A Review of Girls Made of Snow and Glass by Melissa Bashardoust

by Hal Patnott

I returned from ALA Annual last week with an ARC of one of my most anticipated reads of 2017, Girls Made of Snow and Glass by Melissa Bashardoust. This feminist fairy tale retelling does not disappoint. In keeping with our theme of featuring titles that uphold ALSC’s Core Values (collaboration, excellence, inclusiveness, innovation, integrity and respect, leadership and responsiveness), this week’s selection stands out for excellence, and leadership and responsiveness.  

Girls Made of Snow and Glass

Girls Made of Snow and Glass by Melissa Bashardoust, Macmillan/Flatiron (2017)

Every day Princess Lynet looks more like her mother Emilia, the beloved queen who she never met. King Nicholas and everyone at court constantly remind Lynet of her destiny to take Emilia’s place. No one but Mina, Lynet’s stepmother, understands that she wants to find her own path. She dreads the day she’ll wear the crown and lose herself forever. At sixteen, Mina moved against her will to Whitespring with her father Gregory, a reviled and power-hungry magician. Charm and beauty won Mina the throne, but not the love of the court who see her as an outsider or the widowed King who loves his grief for his dead wife more. As Lynet’s sixteenth birthday approaches, Mina realizes her reign will soon end. Once she loses her crown, she’ll have nothing left but her darkest secret, a heart made of glass.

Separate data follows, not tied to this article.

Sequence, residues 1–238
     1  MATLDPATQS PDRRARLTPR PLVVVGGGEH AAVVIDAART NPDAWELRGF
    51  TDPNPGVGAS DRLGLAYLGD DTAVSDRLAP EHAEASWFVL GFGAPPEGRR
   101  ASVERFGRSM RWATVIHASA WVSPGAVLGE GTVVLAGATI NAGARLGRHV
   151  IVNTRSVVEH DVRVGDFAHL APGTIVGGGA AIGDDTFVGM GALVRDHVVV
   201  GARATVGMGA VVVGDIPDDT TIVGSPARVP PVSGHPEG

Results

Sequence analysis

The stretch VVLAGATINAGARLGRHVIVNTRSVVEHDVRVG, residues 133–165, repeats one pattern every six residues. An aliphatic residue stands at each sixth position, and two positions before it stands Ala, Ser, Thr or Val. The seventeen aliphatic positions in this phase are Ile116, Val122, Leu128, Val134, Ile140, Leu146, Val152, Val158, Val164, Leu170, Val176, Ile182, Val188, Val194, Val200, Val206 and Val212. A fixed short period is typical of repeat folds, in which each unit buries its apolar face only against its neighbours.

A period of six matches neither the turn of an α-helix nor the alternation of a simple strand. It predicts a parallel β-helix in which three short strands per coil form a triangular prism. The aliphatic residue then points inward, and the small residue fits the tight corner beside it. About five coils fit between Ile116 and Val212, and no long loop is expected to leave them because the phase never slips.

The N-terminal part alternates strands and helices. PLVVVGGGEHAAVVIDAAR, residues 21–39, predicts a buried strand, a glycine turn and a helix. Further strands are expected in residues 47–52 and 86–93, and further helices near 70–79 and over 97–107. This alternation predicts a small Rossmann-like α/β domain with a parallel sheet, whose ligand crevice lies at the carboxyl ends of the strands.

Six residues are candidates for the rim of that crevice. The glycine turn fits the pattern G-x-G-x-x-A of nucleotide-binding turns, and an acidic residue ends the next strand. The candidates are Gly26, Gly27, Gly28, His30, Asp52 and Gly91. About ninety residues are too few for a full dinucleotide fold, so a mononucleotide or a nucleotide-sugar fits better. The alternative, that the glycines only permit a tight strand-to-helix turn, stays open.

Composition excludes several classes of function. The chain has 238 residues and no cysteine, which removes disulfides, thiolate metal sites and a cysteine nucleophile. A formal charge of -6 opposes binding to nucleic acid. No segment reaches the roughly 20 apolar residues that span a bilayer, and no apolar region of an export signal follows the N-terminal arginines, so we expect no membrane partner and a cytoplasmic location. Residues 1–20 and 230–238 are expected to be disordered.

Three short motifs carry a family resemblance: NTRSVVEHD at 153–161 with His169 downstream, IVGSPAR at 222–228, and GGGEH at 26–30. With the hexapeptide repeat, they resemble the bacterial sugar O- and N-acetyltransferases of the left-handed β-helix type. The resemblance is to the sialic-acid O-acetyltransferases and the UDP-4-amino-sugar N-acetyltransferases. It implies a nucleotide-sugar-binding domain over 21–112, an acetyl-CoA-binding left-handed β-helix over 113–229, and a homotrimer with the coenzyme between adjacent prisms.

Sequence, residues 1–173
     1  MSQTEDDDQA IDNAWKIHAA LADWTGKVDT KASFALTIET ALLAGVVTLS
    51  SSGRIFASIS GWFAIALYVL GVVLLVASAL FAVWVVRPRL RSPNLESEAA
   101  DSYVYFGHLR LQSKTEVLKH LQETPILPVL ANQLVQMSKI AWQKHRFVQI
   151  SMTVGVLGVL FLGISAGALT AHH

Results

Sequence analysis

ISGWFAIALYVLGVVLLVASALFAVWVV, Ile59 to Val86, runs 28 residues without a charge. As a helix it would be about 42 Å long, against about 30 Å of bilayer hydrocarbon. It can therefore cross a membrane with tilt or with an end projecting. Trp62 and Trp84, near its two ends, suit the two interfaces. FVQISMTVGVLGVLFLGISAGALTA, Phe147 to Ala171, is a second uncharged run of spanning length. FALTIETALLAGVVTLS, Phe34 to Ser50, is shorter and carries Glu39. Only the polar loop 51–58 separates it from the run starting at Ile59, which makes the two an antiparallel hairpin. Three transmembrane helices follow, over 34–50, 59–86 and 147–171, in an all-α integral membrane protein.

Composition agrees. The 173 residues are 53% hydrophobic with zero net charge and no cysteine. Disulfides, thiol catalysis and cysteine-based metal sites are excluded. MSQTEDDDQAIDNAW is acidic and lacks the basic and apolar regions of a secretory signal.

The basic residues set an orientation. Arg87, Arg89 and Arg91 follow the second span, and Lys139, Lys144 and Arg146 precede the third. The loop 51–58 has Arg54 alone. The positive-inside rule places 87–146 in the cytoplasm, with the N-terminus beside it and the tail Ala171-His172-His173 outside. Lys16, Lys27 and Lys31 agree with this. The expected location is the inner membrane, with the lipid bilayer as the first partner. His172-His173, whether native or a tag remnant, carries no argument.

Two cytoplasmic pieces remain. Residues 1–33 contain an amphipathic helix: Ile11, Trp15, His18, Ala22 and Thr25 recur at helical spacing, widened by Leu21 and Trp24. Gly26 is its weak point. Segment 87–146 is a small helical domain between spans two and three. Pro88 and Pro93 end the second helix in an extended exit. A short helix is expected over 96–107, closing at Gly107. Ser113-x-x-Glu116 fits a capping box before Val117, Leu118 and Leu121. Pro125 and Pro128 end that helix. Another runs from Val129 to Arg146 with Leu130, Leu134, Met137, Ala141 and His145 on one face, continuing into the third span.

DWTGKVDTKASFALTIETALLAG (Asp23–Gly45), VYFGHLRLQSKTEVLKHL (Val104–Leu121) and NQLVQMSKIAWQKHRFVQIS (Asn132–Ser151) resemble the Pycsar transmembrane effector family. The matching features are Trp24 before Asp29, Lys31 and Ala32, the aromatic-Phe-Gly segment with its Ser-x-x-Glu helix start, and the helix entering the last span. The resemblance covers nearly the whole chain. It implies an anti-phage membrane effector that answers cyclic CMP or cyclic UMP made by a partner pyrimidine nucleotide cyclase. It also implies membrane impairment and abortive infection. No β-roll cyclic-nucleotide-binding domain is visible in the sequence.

Girls Made of Snow and Glass reimagines Snow White as an empowering fantasy with female leads who stand strong together in a society that tries to pit them against one another. The chapters alternate between Mina and Lynet, revealing each woman’s struggle for control over her own narrative. Bashardoust develops compelling characters, including a confident, teenage surgeon named Nadia, who is determined to make a difference. Nadia’s romance with Lynet is worth melting for. Readers who love fairy tales and fantasy will be swept away by the enchanting prose and the suspenseful plot. This standalone, debut novel is a must-purchase for young adult collections.

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